Kill the Dead (Sandman Slim Series #2) - The first Sandman Slim book was clever and funny, but I lost interest in the conceit by the end of the first chapter of the second volume.


Palimpsest - Catherynne M. Valente Definitely not in the right frame of mind for this one. Will have to pick it up again at another date.


Doc - Mary Doria Russell Doc is a beautifully written story that has lingered in my imagination beyond its return to the library.

Wives And Daughters (Complete Classics)

Wives And Daughters (Complete Classics) - Elizabeth Gaskell Mrs. Gibson nee Kirkpatrick is a treasure of a wicked stepmother, and this novel contains that rarest of jewels: a Good Father. Love, love, love. The only thing that would have made this book better is if Mrs. Gaskell had lived to finish it.

The Pillars of the Earth

The Pillars of the Earth - Ken Follett Brilliant and engaging and as historically fictional as I like it.

The Return of the Native

The Return of the Native - Thomas Hardy, Tony Slade Hardy is one of my favorite authors. His prose is beautiful, and he explores many dichotomies in everyday life. Pay special attention to the interaction between Eugenia and her environment.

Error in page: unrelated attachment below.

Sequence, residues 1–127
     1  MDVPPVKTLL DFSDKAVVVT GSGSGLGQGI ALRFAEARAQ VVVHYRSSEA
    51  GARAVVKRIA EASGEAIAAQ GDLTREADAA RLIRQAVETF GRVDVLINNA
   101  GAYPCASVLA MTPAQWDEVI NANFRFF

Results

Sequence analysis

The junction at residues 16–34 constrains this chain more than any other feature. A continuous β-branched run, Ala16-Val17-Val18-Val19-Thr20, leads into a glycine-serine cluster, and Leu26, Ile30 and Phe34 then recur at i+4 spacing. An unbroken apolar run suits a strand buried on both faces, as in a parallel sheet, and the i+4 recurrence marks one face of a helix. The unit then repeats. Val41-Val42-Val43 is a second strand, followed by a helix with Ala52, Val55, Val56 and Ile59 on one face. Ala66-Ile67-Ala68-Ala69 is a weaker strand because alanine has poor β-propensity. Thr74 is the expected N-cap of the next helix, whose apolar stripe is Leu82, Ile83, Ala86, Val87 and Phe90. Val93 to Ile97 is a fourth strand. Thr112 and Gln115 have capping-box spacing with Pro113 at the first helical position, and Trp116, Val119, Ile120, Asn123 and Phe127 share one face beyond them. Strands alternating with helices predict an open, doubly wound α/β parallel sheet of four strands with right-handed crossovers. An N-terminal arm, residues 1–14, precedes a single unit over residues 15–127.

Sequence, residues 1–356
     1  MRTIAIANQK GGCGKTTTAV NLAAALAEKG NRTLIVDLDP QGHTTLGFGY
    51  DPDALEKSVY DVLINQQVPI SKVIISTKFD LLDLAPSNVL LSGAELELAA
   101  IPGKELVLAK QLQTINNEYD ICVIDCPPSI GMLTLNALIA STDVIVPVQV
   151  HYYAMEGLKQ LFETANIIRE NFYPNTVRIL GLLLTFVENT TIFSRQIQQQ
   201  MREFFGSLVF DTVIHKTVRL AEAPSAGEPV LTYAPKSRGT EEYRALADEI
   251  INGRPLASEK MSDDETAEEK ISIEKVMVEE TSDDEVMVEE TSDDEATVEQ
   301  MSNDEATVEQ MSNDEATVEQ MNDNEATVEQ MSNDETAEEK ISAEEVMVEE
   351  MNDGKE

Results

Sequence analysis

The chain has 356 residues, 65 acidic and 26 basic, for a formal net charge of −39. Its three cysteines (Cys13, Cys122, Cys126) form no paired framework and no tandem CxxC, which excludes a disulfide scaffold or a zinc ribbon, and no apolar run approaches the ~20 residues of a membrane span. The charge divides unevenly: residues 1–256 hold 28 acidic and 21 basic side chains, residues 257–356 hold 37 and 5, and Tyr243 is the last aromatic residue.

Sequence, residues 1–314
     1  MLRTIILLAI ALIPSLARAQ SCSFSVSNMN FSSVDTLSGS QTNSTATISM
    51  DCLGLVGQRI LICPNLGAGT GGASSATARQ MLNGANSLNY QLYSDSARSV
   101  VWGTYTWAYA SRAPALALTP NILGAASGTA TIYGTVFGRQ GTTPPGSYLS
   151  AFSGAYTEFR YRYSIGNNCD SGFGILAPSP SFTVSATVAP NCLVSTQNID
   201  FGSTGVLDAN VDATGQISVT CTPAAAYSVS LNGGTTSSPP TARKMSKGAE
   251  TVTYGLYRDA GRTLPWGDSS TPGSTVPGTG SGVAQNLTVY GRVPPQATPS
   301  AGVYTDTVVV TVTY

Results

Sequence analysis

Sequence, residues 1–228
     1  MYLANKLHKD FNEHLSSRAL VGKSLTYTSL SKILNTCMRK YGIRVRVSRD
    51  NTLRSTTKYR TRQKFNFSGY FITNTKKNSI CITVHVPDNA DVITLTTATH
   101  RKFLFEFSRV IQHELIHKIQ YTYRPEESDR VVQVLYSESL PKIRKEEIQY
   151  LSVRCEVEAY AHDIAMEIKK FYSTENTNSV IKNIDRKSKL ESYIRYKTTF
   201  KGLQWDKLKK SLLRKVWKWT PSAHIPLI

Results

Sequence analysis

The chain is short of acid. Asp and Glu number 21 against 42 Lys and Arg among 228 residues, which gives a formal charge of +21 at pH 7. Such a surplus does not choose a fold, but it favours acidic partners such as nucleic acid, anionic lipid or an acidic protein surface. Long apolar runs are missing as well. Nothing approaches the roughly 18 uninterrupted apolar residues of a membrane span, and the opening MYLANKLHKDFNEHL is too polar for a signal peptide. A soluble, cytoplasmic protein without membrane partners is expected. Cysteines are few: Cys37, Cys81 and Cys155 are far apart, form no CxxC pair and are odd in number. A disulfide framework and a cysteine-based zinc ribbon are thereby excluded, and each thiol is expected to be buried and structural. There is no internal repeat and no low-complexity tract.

Atonement - I read Atonement two years ago and it still weighs on my memory. It ripped my heart out to the degree that I've been afraid of reading any more McEwan for fear of losing my reason. While not my "favorite" book, it gets five stars for its effortless combination of the beautiful and the sublime. If it were an art piece, it would be Francisco Goya's The Third of May (1814).

Breaking Dawn

Breaking Dawn - If possible, this one is even WORSE than the others. Our intrepid Ms. Meyer - oops! Mrs. Cullen! - gets her wish and finds out that she has the best. power. ever. Also, she thinks "Renesmee" is the most beautiful name ever. It boggles the mind. TWO trays of margaritas were necessary to make it through this one.